John Densmore

From Wikipedia, the free encyclopedia
Jump to: navigation, search
John Densmore
John Densmore1968 publicity photo.jpg
Publicity photo of Densmore, 1966
Background information
Birth name John Paul Densmore
Born (1944-12-01) December 1, 1944 (age 72)
Origin Los Angeles
Genres Psychedelic rock, acid rock, blues rock, hard rock, blues, jazz fusion
Occupation(s) Musician, drummer, filmmaker, author, actor, dancer
Instruments Drums
Years active 1965–present
Labels Elektra
Associated acts The Doors, Rick & the Ravens, The Butts Band, Tribaljazz.
Website johndensmore.com

John Paul Densmore (born December 1, 1944) is an American musician, songwriter, author and actor. He is best known as the drummer of the rock band The Doors, and as such is a member of the Rock and Roll Hall of Fame.[1] He was the only drummer in the Doors' history and appeared on every recording made by the band. Densmore is also noted for his veto of attempts by the other two Doors members, in the wake of singer Jim Morrison's 1971 death, to accept offers to license the rights to various Doors songs for commercial purposes, as well as his objections to their ongoing use in the 21st century of the Doors name and logo, and his lengthy and successful court battles to gain compliance.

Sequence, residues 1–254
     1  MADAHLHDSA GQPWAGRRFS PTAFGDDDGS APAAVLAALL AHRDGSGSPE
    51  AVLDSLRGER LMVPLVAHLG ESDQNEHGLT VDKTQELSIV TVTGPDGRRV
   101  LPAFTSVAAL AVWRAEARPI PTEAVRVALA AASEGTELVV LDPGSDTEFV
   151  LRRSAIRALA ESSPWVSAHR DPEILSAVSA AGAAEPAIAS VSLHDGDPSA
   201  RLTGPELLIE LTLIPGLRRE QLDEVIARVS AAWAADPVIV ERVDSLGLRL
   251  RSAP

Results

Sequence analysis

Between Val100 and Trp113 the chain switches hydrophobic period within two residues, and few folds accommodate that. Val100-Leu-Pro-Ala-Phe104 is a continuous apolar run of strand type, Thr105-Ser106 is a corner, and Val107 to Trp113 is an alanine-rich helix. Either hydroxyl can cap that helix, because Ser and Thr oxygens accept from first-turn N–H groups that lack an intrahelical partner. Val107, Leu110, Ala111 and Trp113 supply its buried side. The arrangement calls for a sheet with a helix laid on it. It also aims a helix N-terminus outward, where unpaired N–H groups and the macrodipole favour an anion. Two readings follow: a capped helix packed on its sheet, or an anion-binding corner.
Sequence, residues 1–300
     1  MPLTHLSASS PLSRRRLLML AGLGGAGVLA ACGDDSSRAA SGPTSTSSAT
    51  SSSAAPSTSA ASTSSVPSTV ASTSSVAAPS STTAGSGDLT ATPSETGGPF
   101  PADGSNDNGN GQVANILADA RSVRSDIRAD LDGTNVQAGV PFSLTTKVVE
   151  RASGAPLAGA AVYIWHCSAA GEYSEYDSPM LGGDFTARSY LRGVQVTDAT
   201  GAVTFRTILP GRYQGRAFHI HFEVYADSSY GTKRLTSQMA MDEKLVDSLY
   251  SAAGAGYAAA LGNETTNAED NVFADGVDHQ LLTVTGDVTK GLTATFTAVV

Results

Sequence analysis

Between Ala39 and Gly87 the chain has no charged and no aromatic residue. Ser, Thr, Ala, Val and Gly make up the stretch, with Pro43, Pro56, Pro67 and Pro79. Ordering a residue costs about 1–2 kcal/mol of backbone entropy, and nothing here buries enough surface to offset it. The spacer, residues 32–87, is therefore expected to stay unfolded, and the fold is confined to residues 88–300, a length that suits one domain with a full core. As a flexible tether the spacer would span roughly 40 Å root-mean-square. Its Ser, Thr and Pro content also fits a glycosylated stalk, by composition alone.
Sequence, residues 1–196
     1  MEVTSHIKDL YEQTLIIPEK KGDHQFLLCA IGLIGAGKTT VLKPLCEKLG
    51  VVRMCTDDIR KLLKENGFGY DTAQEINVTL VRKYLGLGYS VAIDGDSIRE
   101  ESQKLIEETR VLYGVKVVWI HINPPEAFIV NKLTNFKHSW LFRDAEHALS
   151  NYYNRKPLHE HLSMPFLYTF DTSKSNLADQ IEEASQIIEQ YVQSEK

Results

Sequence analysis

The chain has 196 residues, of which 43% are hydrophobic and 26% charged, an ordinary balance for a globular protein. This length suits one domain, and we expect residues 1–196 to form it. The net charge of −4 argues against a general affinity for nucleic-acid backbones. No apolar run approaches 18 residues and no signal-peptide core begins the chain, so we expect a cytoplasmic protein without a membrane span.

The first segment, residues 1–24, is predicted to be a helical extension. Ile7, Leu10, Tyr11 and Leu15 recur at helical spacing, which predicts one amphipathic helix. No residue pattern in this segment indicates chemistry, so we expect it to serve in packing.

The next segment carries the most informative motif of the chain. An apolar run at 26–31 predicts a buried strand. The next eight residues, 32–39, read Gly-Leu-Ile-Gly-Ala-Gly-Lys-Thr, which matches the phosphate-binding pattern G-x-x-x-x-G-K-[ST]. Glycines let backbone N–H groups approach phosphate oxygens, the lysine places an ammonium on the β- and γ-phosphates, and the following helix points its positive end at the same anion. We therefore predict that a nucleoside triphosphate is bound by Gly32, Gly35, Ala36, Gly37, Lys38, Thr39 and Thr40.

Densmore has worked additionally in the performing arts as a dancer and actor, and written successfully as both a playwright and the author of two books on the topic of The Doors.

Early life[edit]

Born in Los Angeles on December 1, 1944, Densmore grew up playing piano and later took up drums/percussion for the marching band at his school. He also played timpani in orchestra.[2] Densmore attended Santa Monica City College and California State University, Northridge; at the latter he studied ethnic music under jazz cellist Fred Katz.[3]

John Densmore (right side) in a 1969 publicity photo of the Doors

Densmore's drumming influences included hard jazz figures Elvin Jones (drummer for John Coltrane) and Art Blakey.[4]

The Doors[edit]